An Alternative Film School for Editors
- What is the best way to create a career in film editing from scratch?
- Here is an Alternative 1 year Film School for under $10,000
- A step by step film school curriculum: Practice, Theory and Industry preparation.
Should I go to film school? Is film school worth the money? What is the Best Film School for Film Editing?
These are the kind of questions that anyone pondering a career, or a career change, into film editing may well ask themselves.
If the goal of film school is to get you ready for a career as a working professional in the industry, is it still the best way to go about setting yourself up for, and breaking into, film editing?
One shortcut into the industry is available to the lucky few who might personally already know an editor, just ask if you can follow them around for a while and become their indispensable assistant. Hoover up as much knowledge as you can by osmosis and just don’t leave. Who you know is more important than what you know. You can learn the rest on the job.
But, if you’re not in that fortunate situation and you’re thinking of going the more traditional film school route, might there might be a better way? I question whether I would recommend someone go to film school today and if not, what would I suggest instead?
I had a great time, learned a lot and met some life-long friends. In fact, as I mention in my ebook on being a creative freelancer, now that I’m 10 years in to a satisfying career as an editor, it all happened in part because I went to film school. I got my very first editing gig because a friend from my course, who just gotten a job at a post house, got me an interview when they were looking for more people. Who you know is really important.
So, for me, Film School was an invaluable start that also connected me to first job that led to my second job and so on…
But if I think about the investment I made; three years and £3,000 of course fees, plus living expenses that came to about £15k in total over three years. Today those same course fees are £27,000 for three years. Is there a better way to leverage that time and money?
So running with that thought experiment, here is my suggestion for an alternative film school for film editors, with a detailed breakdown of what I would do and how I do it. Plus what it would cost.
Download The Alt-Film School
Download this spreadsheet to get the ‘shopping list’ of gear, online courses, films, books and TV shows that make up my Alt-Film School and to see what it’s possible to create for under $9,000/£7,000 and have everything you need to start working as an editor once your training is complete.
Then read through the rest of this page to get my explanation of each part of the curriculum in detail, as well as a few extra resources, promo codes and more ideas along the way. Use these quick links to jump right in, or just scroll down.
A few Caveats
Before we get started first of all it’s important to point out it’s difficult to know if one route really is better than another – we can’t live the same life twice! So there’s no guarantees with this thought experiment. It’s just a potential alternative to film school that might suit some people, or give them an opportunity that they can’t otherwise afford.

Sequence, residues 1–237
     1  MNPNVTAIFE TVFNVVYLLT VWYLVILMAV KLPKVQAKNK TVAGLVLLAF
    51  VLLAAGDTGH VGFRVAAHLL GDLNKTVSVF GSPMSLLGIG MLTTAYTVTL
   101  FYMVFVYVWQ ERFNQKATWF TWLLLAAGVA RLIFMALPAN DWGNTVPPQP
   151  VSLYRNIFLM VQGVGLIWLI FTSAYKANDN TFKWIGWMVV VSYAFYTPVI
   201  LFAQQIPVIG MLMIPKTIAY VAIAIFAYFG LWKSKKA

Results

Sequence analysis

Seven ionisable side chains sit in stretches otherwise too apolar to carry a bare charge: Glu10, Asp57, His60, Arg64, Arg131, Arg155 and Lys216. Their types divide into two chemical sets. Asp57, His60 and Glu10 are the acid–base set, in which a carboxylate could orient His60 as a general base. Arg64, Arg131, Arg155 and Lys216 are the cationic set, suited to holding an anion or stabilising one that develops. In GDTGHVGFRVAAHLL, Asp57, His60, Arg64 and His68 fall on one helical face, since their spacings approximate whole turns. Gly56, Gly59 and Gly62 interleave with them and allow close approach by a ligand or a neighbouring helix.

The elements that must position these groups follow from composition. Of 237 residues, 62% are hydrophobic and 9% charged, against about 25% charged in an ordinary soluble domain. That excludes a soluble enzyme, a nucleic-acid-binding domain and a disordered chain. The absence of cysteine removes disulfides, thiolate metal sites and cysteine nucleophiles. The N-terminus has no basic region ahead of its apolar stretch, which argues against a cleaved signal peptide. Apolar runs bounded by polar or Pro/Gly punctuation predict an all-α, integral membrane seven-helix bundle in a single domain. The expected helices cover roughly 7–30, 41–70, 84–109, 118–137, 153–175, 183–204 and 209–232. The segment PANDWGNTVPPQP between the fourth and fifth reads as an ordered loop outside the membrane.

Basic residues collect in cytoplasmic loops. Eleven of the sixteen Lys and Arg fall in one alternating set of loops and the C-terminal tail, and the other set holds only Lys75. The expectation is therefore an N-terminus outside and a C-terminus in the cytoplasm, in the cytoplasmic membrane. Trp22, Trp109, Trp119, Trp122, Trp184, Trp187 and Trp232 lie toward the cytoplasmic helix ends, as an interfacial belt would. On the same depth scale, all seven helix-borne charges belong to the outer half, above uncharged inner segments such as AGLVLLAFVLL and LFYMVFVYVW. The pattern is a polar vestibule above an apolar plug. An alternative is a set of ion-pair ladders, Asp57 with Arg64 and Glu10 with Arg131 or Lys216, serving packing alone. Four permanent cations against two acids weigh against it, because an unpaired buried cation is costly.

That brings me to the second point. You have to decide if Film School is for you based on your personality, how you work and whether you’ll more greatly benefit from the structure, guidance, community and creative collaboration it will hopefully surround you with. Or if you are able to motivate yourself, create new connections, take on, run with and complete your own projects and demonstrate some creative and entrepreneurial flair along the way.
Which ever option you choose you’ll need to be disciplined, committed and show up every day looking to learn.
Tom Abrams, associate professor of screenwriting and production, USC School of Cinematic Arts, has this to say about Film School, in this Variety Magazine article debating film school:
“Not everybody that owns a camera and learns how to use Final Cut is going to be a great filmmaker,” he says. “Film school is about ideas, it’s about story. Universities have always been about having a safe place where you are inspired and challenged by your peers. And having that structured way of expressing yourself and critiquing yourself is one of the most important reasons that you go to film school.”
So for this thought experiment to be plausible, it’s important that we find ways to still gain the benefits that film school presents, but outside of the higher learning environment.
Let’s take a look at one possible approach to learning how to edit and become a working editor for less than the cost of film school, and get more out of the time and money in the long run.
Requirements for an Alternative Film School For Editors
First of all it’s important to set the scene of what film school does give you and how we can match or better that. We also need to remind ourselves that to decide to be a student is generally to decide to stop working, pay someone else to learn from them and live a fairly frugal and humble life in the process.
Our Alt-Film School may well require some of those same commitments, depending on your personal circumstances, but as part of ‘besting’ film school, can it be done, part-time, or even gradually over a long period of time, if income and employment are necessary parts of your ‘student’ life?
What Film School Does Give You
- Comprehensive and well thought out education.
- Practical experience.
- Friendships and future industry contacts through your classmates.
- You often have to move cities – usually to a place of future work (London, NY, LA or a big city with a creative centre).
- You get to try numerous different production roles and discover things you love that you may never have considered.